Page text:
A regional daily has vowed to “name and shame” those illegally dumping rubbish after splashing on a fly-tipper’s court case.
The Sunderland Echo in running a ‘Clean Streets’ campaign, aimed at cleaning up its patch, following a survey of readers last year.
The Echo devoted its front page yesterday to the case of Kelly Cummings, who was fined £200, as well as being ordered by Sunderland magistrates to pay a £30 surcharge and £188 costs, after admitting depositing controlled waste without an environmental permit.
The court heard Cummings, 33, was snared after a letter addressed to her was found among maggot-filled household rubbish dumped on a green space where children play.
She accepted three of the bags found were hers, but claimed four others weren’t, and said she had moved them away from her property because she has young children.
Echo managing editor Gavin Foster said: “We hope by highlighting the offences like we did on our front page we send out a message to anyone who dumps rubbish on their own doorstep that we won’t let them get away with it. We will name and shame you.”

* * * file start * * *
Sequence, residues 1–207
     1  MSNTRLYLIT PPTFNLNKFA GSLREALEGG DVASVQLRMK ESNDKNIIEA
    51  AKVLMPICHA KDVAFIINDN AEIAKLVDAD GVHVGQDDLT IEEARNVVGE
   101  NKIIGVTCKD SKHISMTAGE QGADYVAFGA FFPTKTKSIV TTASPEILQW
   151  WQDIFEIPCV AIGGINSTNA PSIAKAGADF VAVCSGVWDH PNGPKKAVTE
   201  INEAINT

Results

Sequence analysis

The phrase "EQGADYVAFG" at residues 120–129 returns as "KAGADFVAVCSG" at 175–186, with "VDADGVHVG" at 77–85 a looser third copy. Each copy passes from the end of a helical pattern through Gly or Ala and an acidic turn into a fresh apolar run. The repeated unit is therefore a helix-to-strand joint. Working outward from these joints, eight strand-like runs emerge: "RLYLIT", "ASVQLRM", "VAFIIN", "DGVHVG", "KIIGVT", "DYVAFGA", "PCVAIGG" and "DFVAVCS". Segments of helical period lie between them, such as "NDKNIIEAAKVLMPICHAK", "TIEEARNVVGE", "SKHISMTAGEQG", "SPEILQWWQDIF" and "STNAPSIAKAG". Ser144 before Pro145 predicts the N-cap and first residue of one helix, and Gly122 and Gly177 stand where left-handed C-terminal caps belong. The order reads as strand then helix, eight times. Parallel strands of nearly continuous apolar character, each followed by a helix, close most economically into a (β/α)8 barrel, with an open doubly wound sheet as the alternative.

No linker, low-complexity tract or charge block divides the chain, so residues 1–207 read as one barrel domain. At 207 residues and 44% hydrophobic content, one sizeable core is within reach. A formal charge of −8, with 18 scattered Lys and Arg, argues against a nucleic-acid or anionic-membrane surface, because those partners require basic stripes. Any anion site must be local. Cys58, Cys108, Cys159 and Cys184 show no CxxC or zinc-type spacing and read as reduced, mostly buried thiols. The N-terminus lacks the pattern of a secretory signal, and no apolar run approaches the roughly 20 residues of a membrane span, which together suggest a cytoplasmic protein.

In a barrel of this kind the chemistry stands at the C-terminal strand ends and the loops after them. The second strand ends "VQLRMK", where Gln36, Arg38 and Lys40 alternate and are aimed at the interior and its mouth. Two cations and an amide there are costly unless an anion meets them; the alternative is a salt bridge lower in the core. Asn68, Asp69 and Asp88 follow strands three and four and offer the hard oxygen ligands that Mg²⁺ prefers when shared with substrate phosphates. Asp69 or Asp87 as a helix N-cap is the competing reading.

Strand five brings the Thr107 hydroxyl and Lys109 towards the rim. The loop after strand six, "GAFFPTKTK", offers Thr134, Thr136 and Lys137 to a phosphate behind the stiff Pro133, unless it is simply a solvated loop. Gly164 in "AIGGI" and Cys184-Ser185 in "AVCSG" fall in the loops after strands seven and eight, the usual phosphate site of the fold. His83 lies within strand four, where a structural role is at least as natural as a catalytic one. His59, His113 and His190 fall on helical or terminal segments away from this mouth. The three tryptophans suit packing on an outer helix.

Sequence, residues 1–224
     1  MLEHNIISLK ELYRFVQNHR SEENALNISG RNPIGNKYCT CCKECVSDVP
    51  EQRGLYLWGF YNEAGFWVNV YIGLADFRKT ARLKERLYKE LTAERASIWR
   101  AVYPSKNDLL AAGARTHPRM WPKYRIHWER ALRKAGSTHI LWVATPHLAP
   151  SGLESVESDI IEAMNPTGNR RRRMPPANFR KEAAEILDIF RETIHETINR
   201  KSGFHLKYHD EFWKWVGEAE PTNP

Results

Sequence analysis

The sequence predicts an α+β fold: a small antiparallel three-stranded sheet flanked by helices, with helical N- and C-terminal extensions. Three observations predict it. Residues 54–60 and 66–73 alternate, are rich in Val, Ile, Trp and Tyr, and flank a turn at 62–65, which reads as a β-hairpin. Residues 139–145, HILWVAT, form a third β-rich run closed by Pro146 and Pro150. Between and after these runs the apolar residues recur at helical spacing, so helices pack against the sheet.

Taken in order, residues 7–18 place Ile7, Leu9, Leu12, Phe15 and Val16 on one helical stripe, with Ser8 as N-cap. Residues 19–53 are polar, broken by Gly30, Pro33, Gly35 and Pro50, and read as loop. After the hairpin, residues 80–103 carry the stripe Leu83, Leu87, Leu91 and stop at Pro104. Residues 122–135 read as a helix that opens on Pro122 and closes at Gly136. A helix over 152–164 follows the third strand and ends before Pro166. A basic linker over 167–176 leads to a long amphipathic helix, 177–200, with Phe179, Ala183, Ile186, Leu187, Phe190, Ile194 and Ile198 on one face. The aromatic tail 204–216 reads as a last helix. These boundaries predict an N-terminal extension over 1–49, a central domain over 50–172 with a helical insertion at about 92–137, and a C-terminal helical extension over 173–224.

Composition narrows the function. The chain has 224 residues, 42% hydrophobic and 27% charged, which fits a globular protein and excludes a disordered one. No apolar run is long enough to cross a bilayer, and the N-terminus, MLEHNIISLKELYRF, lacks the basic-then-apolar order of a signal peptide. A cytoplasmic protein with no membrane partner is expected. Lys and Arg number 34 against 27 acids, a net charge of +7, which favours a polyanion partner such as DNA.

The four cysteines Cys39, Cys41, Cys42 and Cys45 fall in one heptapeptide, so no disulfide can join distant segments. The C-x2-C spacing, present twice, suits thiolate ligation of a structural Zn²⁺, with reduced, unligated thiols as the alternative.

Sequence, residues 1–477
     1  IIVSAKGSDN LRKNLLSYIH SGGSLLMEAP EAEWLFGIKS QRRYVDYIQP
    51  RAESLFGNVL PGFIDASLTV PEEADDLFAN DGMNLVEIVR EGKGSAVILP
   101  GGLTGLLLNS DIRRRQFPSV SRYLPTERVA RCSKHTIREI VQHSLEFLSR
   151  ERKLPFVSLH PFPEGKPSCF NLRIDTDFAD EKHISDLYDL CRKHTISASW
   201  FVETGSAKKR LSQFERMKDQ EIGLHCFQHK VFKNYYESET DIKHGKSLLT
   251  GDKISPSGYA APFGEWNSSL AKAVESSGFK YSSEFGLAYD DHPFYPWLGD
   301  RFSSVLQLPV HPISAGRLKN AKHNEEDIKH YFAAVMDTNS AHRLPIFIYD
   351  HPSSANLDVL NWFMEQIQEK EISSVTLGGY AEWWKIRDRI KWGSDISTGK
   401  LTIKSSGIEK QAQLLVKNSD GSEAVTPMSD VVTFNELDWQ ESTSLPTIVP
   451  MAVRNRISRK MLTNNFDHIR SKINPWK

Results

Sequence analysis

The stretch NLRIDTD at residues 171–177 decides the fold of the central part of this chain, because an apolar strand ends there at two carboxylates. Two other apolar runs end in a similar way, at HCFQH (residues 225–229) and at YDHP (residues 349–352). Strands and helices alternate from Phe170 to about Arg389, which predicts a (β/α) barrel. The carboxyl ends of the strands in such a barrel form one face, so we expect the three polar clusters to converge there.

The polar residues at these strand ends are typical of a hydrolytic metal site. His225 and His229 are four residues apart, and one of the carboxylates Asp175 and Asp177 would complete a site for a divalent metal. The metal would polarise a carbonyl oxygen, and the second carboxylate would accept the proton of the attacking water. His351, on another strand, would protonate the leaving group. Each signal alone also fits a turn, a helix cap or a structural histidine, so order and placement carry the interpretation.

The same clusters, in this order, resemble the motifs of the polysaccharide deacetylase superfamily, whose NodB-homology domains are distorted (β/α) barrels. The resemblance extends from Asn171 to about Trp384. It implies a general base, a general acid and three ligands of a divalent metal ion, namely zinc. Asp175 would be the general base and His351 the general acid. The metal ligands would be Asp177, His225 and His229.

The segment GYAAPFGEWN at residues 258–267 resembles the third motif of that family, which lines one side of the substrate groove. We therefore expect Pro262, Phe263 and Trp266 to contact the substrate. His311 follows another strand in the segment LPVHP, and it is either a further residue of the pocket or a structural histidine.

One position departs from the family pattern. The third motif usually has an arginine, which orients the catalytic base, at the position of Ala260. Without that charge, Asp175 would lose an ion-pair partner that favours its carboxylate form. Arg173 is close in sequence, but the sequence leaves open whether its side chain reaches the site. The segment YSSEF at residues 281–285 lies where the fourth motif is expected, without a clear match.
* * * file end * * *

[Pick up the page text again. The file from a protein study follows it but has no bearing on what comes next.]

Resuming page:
Added Gavin: “At the back end of last year we carried out a survey of our city asking people to highlight the things that really mattered to them. Almost 1,000 people, from across all ages, took part in answering our questions on everything from crime and health to traffic and leisure.
“And what came out as your main priority for Sunderland was to see a tidier city for everyone to be proud of. Some 66pc of readers told us that the cleanliness of the city’s public spaces was poor, or very poor.
“When our readers speak we listen. We launched the ‘Clean Streets’ campaign on the back of this – not only get more people involved in cleaning up Sunderland, but to take on the litter louts in any way we can.
“We want people to report dumping and litter blackspots, send pictures to the Echo team to highlight the issue and get involved in cleaning up local communities.”